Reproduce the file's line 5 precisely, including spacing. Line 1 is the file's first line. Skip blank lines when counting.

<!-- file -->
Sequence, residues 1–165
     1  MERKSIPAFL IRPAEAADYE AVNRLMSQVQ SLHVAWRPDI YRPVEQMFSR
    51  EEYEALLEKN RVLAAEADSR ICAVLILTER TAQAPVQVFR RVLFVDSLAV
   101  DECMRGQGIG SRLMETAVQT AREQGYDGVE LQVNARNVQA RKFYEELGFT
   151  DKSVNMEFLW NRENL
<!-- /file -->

   151  DKSVNMEFLW NRENL